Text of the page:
By Paige Tepping
How does this focus impact the real estate component?
This shift toward mobility means that the supply chain, which includes real estate professionals, needs to be aligned with the goals of the corporation. It’s not just about helping a client buy or sell a home. The decision to go (or not go) is heavily influenced by the real estate professional who can understand the objectives of the corporation and act as an ambassador for the new location, selling the client on why the new location will be a good fit for them and their family.
What tips do you have for real estate professionals working with relocating employees?
Real estate professionals need to understand the drivers of mobility and tailor their services accordingly to the particular assignment. If the corporation is moving talent to a new location because of an ill-equipped labor market or skills gap within the organization, the company’s identified talent may need to be sold on the move. For the agent, it’s all about making the sell side of the process as painless as possible for the relocating family. On the buy side, it’s about understanding the corporation’s objectives and selling the new market to your client. It’s also important for real estate professionals to recognize when the drivers are more personal or generational in nature. In these instances, recognition of your client’s motivations for moving can provide vital insight and influence into the services provided. For example, if your client is seeking residential locations that promote work/life balance, the success or failure of a relocation can hinge on this single element.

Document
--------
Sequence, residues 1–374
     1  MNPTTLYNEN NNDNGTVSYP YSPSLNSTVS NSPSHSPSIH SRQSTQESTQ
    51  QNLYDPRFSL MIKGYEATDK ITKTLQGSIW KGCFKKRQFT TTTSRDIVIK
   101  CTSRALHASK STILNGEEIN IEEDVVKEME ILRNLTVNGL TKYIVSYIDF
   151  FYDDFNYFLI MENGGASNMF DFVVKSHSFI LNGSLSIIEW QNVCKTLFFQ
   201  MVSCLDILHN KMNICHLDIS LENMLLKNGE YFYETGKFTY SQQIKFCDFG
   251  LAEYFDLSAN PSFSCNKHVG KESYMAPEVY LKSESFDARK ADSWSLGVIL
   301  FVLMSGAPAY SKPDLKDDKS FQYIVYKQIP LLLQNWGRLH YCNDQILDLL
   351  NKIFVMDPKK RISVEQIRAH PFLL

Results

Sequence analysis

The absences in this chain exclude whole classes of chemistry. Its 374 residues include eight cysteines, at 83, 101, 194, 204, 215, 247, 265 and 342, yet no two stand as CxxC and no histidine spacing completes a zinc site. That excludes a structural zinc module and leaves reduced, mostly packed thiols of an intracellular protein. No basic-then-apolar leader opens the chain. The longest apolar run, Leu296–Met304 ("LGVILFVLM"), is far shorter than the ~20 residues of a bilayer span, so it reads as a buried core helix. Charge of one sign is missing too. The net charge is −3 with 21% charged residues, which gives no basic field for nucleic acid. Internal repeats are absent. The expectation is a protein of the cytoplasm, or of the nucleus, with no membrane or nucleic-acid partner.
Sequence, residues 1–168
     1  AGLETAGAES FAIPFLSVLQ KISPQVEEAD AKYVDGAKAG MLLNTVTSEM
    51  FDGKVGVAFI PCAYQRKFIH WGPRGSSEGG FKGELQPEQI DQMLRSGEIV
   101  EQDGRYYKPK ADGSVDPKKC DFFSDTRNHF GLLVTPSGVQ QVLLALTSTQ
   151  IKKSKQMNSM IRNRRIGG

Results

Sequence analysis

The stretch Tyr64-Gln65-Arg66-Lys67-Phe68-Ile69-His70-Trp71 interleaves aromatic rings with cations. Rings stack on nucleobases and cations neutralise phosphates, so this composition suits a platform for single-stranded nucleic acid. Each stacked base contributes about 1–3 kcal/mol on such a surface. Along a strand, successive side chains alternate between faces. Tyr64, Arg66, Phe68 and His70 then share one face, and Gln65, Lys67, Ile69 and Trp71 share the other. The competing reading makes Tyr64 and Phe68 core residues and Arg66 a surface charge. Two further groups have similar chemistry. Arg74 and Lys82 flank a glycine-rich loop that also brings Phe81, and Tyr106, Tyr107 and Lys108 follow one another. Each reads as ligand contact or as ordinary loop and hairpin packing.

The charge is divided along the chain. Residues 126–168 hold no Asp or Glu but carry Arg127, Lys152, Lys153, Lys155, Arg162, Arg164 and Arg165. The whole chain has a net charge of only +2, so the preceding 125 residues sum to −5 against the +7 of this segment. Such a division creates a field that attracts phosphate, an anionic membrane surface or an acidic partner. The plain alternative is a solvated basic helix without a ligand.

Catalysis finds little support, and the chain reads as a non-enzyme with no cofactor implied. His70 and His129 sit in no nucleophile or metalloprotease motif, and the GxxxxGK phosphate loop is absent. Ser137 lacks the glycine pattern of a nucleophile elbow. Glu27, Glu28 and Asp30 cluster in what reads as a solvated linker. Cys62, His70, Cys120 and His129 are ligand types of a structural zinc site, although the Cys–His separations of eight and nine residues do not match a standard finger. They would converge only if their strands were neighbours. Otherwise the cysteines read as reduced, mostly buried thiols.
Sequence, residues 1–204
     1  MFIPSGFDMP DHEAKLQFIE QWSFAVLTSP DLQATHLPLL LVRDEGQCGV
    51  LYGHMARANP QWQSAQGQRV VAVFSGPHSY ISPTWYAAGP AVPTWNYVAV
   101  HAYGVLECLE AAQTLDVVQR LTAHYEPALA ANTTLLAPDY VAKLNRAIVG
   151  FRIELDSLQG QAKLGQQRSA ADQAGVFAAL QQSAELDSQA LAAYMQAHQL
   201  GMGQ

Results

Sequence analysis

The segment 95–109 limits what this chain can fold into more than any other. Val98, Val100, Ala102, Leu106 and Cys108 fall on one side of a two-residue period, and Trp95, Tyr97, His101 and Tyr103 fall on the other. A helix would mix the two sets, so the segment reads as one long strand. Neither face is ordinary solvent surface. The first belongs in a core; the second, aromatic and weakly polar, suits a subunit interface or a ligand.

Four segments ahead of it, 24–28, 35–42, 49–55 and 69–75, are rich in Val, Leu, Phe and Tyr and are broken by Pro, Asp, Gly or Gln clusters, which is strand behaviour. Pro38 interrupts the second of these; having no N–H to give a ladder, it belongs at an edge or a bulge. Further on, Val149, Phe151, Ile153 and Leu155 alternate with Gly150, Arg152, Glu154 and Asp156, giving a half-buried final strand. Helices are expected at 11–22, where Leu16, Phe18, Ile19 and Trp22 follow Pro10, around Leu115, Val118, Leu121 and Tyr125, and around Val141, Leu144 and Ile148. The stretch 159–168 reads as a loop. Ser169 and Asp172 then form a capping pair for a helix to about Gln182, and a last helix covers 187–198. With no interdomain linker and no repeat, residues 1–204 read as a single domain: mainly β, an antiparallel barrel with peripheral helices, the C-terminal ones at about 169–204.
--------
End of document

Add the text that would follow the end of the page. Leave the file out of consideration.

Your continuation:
When it comes to employee mobility, are there any trends you’re anticipating as we continue through 2013?
Here in the U.S., in particular, we are moving away from traditional home sale programs as the worldwide economy begins to improve. The shortage of inventory in many markets and the challenges associated with the mortgage appraisal process are primary factors causing price wars, closing challenges and rental price increases, all of which are impacting transferring families and the types of services being provided. Going forward, relocation management companies—and everyone in the supply chain—have to be prepared to diversify and prioritize their services as talent management and mobility evolve. We see this evolution occurring in the real estate community as the definition of full-service real estate brokerage becomes even broader. For example, corporations now recognize that their talent pool contains more than just the homeowning population, and that renters demand comprehensive services as well. Once provided as a value-add, the real estate community has adapted to meet the need, while creating a new revenue stream.
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